Which Vaccines Will Be Administered in Korea?

      January 29, 2021 11:19

      A closer look at the government's coronavirus vaccination plan offers clues what brand of vaccine people are likely to be given at certain times.

      The government will not disclose the timing and location of vaccinations until April. But what is certain is that vaccines provided at inoculation facilities in gymnasiums and civic centers will be mRNA types that need to be refrigerated at extremely cold temperatures.

      Those administered at clinics will be viral vector vaccines that can be stored at temperatures of 2 to 8 degrees Celsius. Pfizer and Moderna manufacture mRNA vaccines, while AstraZeneca and Janssen make viral vector vaccines.

      Choi Jae-wook at Korea University said, "If the government tells you to get inoculated at a local facility, chances are high that you will receive Pfizer or Moderna vaccines, while you will probably receive AstraZeneca or Janssen vaccines if authorities inform you to go to a clinic."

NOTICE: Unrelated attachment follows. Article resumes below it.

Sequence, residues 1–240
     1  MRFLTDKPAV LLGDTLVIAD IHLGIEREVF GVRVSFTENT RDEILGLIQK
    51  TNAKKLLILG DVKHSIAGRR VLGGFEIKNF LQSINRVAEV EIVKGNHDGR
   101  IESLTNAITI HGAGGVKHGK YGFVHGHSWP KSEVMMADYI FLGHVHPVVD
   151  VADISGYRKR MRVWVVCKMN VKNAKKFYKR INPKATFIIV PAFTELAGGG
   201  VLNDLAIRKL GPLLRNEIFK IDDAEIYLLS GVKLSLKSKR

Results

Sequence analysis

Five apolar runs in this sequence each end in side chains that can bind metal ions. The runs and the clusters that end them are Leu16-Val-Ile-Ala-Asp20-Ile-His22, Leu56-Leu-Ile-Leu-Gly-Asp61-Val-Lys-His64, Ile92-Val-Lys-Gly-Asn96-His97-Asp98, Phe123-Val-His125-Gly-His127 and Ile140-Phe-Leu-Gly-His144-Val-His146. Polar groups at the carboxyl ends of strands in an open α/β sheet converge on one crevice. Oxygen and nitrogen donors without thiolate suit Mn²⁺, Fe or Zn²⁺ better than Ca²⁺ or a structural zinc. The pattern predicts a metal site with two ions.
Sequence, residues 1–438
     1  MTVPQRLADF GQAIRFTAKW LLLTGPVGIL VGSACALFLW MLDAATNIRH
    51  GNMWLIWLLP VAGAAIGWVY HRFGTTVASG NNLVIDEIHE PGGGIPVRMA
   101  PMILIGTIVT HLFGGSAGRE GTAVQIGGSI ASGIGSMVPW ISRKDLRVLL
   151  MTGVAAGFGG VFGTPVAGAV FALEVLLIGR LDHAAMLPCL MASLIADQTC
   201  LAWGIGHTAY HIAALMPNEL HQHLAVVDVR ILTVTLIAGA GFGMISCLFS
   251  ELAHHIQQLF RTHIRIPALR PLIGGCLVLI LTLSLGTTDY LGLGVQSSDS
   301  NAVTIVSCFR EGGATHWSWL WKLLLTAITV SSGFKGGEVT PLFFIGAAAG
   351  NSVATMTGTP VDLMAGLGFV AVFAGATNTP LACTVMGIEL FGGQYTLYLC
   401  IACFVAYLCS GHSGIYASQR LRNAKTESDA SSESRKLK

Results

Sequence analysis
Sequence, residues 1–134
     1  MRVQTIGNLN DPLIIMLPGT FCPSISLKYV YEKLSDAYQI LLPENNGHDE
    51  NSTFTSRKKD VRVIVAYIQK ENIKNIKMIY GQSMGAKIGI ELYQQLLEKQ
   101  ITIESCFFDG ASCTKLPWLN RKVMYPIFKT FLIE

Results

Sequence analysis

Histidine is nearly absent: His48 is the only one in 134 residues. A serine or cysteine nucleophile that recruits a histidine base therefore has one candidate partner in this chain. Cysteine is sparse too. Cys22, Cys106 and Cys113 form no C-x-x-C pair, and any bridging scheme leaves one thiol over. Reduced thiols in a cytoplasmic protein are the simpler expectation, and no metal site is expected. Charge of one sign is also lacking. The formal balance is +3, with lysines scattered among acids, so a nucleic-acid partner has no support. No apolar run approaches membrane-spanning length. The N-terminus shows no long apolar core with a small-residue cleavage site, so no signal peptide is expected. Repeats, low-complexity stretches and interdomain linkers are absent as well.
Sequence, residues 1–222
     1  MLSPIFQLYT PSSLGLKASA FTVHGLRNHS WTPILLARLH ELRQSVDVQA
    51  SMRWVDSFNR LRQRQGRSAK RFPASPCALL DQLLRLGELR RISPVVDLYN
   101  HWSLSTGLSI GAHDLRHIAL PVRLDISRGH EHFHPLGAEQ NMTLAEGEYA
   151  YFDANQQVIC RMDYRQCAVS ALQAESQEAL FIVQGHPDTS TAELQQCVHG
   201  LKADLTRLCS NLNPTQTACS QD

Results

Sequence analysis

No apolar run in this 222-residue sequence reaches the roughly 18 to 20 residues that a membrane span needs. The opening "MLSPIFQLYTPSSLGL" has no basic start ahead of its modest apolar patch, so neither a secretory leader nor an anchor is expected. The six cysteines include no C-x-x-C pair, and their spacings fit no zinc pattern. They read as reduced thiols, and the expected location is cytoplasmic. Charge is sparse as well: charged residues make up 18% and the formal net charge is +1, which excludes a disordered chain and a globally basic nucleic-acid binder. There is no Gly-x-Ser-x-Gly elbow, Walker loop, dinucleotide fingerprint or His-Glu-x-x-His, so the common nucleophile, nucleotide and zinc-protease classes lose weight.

Heath officials throw water in the air to check the temperature at a potential cold storage for coronavirus vaccines in Pyeongtaek, Gyeonggi Province on Thursday.

      But people will not be able to choose where they get vaccinated. The aim is to minimize chaos if people are biased in favor of any given vaccine, and the rules are the same in other countries.

      Koreans who live abroad can also get their shots here.

      Coronavirus patients will have to wait at least 90 days after making a full recovery. Chung Jae-hoon at Gacheon University's Gil Medical Center said, "Getting vaccinated shortly after recovering from COVID-19 could cause antibodies in the body to attack vaccine antigens and make it less effective."

      The government is trying to avoid mixing of vaccines, saying any two different vaccines must be administered at least 14 days apart.

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